Screen Grab | Plastic Scoop
Screen Grab | Plastic Scoop
This film combines lingering temporal seascapes with faster paced violent action scenes. In this film Hughes has become a digital flaneur, various multiple avatars wander through virtual trashed filled streets and carparks, swim in the deep sea and fall from the sky like a modern day icarus. Plastic Scoop presents a haunting and thought provoking poetic journey into a world of pink cherry blossom and electric pylons, chemical factories plastic trash and fields of wheat.
This film combines lingering temporal seascapes with faster paced violent action scenes. In this film Hughes has become a digital flaneur, various multiple avatars wander through virtual trashed filled streets and carparks, swim in the deep sea and fall from the sky like a modern day icarus. Plastic Scoop presents a haunting and thought provoking poetic journey into a world of pink cherry blossom and electric pylons, chemical factories plastic trash and fields of wheat.
Screen Grab | Plastic Scoop
Screen Grab | Plastic Scoop
Screen Grab | Plastic Scoop
Screen Grab | Plastic Scoop
Screen Grab | Plastic Scoop
Screen Grab | Plastic Scoop
Screen Grab | Plastic Scoop
Screen Grab | Plastic Scoop
Screen Grab | Plastic Scoop
Screen Grab | Plastic Scoop
Screen Grab | Plastic Scoop
Screen Grab | Plastic Scoop
Screen Grab | Plastic Scoop
Screen Grab | Plastic Scoop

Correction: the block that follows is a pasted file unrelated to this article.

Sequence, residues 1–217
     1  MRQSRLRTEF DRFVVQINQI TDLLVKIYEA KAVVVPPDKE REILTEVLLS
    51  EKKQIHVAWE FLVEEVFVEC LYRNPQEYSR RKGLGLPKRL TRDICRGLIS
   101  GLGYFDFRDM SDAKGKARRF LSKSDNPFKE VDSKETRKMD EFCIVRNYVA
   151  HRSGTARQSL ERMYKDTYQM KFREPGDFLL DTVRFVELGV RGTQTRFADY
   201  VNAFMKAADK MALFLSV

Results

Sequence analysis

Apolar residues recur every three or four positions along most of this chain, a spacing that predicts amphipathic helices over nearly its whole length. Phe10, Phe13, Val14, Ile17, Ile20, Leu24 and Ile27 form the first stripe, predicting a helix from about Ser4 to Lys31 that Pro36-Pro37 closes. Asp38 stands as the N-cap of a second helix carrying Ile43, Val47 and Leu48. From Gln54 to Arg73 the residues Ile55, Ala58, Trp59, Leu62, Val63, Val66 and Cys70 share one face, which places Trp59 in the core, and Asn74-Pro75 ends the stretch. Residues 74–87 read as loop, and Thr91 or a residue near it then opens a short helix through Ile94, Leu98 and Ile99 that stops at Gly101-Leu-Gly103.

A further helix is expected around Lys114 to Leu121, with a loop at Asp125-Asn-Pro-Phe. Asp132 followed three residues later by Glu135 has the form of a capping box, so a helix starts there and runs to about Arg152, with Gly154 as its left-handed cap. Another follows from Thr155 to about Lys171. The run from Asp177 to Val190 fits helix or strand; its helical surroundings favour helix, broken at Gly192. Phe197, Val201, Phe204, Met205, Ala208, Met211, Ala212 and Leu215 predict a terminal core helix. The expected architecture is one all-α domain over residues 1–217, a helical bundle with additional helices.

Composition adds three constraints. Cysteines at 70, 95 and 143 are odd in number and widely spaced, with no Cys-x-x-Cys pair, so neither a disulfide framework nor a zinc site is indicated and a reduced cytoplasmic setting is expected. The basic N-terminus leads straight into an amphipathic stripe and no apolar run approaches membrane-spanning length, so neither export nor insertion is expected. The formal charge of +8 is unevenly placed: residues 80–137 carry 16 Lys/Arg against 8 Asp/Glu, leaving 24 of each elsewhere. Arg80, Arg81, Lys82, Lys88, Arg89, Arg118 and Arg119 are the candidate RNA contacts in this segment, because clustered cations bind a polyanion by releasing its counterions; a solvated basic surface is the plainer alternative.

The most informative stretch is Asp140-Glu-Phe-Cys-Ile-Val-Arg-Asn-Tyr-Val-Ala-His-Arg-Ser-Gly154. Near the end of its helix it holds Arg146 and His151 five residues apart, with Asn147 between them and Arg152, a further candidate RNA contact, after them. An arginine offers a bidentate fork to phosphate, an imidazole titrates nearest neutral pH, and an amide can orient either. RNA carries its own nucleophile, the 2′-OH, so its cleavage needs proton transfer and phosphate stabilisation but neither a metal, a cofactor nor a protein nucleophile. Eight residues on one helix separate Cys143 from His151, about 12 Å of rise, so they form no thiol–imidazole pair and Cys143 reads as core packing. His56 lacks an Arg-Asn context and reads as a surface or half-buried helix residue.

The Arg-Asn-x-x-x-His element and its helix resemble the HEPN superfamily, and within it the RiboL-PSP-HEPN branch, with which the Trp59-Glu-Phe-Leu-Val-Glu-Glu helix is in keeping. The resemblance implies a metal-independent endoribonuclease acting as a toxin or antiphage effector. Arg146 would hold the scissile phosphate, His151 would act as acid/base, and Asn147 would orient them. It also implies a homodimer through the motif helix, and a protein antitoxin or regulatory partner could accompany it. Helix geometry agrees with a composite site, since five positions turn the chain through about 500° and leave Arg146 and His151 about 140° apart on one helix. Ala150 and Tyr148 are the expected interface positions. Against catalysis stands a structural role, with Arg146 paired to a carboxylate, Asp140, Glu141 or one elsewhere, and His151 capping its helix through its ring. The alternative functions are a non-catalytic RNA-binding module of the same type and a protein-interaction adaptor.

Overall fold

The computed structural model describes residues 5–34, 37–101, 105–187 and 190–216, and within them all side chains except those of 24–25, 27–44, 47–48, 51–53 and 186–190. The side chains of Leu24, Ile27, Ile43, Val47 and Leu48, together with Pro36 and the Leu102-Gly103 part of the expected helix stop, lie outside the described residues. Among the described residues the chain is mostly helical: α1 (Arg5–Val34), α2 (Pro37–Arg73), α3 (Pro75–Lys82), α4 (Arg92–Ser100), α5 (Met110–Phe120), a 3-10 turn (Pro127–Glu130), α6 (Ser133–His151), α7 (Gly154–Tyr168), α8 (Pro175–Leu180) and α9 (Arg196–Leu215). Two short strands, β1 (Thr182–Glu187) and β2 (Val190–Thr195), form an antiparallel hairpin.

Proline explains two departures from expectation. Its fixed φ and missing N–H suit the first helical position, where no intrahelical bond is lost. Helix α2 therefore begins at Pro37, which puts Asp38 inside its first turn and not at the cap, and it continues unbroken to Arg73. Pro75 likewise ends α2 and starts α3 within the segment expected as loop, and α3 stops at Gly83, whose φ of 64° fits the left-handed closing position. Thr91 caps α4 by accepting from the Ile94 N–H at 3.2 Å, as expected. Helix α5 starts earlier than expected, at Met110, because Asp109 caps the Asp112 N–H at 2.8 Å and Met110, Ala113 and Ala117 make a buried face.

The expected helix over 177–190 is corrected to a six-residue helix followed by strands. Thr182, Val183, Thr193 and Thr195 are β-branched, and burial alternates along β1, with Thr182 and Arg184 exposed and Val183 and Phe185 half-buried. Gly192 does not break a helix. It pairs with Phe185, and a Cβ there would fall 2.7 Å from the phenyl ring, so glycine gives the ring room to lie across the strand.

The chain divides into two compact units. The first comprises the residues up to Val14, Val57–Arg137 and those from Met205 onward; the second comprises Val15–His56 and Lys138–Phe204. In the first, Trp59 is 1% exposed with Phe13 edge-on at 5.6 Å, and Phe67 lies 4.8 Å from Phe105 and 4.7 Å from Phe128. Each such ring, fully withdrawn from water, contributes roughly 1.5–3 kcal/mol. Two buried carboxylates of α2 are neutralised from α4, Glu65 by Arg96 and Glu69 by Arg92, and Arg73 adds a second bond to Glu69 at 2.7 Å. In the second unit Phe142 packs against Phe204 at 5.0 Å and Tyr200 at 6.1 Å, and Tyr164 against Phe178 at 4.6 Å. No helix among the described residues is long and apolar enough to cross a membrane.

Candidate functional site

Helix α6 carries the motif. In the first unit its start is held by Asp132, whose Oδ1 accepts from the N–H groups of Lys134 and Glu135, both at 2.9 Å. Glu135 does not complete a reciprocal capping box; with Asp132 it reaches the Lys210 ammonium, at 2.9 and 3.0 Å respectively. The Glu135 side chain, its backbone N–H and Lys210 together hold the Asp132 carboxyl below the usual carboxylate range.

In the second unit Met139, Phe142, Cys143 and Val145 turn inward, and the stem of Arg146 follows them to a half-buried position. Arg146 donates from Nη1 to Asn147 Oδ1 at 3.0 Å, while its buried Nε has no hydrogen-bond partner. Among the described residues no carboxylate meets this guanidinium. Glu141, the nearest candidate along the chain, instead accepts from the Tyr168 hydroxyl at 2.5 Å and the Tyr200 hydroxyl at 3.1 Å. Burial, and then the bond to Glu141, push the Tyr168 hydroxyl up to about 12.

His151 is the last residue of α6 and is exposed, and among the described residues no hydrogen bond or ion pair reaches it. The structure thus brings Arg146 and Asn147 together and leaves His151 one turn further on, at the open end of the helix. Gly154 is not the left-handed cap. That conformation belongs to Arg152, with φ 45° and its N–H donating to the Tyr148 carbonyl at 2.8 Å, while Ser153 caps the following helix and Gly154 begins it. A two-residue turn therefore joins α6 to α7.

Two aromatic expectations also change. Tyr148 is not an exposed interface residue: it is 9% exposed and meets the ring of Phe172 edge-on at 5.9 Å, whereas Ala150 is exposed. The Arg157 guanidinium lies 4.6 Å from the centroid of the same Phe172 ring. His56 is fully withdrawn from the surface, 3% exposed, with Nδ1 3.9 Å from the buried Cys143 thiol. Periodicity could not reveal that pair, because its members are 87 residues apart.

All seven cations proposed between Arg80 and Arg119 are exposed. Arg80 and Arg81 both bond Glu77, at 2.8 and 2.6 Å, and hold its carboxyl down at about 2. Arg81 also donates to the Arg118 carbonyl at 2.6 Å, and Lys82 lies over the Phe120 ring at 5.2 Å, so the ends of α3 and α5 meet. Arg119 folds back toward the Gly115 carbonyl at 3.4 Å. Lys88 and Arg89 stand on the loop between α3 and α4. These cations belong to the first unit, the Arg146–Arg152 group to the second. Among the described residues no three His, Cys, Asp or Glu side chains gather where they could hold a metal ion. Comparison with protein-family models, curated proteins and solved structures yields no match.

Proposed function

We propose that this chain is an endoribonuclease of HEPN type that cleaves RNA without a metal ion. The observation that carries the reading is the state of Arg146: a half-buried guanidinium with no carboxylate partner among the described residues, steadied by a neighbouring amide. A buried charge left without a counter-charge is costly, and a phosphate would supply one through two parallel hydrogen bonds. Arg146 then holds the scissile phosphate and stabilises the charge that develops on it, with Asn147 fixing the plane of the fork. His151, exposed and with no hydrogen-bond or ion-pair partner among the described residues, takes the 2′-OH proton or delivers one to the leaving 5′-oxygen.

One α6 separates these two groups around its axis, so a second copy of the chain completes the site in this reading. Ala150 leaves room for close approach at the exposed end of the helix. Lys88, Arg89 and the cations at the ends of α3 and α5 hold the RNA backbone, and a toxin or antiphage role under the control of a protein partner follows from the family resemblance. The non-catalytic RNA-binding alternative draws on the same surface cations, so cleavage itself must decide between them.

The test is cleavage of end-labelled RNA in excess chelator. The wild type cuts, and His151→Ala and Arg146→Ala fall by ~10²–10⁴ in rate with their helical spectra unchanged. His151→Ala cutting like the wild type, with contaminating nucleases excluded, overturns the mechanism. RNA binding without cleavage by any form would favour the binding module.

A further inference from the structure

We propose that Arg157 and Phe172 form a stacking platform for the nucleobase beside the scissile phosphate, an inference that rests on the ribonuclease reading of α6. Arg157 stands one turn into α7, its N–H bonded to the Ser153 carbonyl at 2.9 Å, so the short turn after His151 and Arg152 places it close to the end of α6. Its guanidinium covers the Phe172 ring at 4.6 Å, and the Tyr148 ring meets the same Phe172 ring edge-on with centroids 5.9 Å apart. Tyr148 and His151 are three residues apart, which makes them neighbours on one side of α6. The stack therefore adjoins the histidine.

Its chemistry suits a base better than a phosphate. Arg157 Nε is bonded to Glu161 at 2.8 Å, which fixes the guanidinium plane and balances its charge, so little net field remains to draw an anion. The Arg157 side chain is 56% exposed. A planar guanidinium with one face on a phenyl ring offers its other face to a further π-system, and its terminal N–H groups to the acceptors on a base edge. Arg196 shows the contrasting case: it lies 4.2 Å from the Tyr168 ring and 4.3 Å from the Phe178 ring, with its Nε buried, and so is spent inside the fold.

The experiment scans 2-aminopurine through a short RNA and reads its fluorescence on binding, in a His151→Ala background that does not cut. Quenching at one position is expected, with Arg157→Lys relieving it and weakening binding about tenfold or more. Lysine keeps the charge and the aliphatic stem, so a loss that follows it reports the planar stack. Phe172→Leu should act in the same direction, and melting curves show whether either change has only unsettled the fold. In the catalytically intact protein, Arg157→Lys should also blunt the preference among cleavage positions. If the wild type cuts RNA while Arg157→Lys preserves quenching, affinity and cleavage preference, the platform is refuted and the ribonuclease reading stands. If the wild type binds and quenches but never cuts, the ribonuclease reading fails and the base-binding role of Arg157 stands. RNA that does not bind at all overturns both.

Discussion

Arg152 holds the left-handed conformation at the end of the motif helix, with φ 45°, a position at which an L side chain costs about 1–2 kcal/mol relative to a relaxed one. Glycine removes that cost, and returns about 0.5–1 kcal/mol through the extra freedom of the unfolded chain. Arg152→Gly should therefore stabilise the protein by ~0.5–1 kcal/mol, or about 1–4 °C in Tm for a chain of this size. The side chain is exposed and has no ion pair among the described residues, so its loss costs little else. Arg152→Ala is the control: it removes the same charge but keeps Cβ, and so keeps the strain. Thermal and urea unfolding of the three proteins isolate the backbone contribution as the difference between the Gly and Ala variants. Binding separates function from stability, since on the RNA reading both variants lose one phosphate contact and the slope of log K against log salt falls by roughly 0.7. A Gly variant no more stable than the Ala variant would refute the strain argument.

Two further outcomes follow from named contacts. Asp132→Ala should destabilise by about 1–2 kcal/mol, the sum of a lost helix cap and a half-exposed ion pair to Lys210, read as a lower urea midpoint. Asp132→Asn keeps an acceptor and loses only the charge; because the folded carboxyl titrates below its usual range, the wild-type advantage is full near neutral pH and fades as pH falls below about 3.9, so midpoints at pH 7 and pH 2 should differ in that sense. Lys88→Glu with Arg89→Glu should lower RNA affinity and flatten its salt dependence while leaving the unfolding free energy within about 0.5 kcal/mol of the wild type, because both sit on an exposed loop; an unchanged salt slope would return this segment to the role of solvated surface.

Screen Grab | Plastic Scoop  |  Falling into the City of Los Santos
Screen Grab | Plastic Scoop | Falling into the City of Los Santos
Screen Grab | Plastic Scoop / In Greek mythology, Icarus is the son of the master craftsman Daedalus, the creator of the Labyrinth. Icarus and his father attempt to escape from Crete by means of wings that his father constructed from feathers and wax. Icarus' father warns him first of complacency and then of hubris, asking that he fly neither too low nor too high, so the sea's dampness would not clog his wings nor the sun's heat melt them. Icarus ignored his father's instructions not to fly too close to the sun; when the wax in his wings melted he tumbled out of the sky and fell into the sea where he drowned, sparking the idiom "don't fly too close to the sun".
Screen Grab | Plastic Scoop / In Greek mythology, Icarus is the son of the master craftsman Daedalus, the creator of the Labyrinth. Icarus and his father attempt to escape from Crete by means of wings that his father constructed from feathers and wax. Icarus' father warns him first of complacency and then of hubris, asking that he fly neither too low nor too high, so the sea's dampness would not clog his wings nor the sun's heat melt them. Icarus ignored his father's instructions not to fly too close to the sun; when the wax in his wings melted he tumbled out of the sky and fell into the sea where he drowned, sparking the idiom "don't fly too close to the sun".
Detail: Jacob Peter Gowy (c 1615-1661), The Fall of Icarus (1635-7), oil on canvas, 195 x 180 cm, Museo del Prado, Madrid.
Detail: Jacob Peter Gowy (c 1615-1661), The Fall of Icarus (1635-7), oil on canvas, 195 x 180 cm, Museo del Prado, Madrid.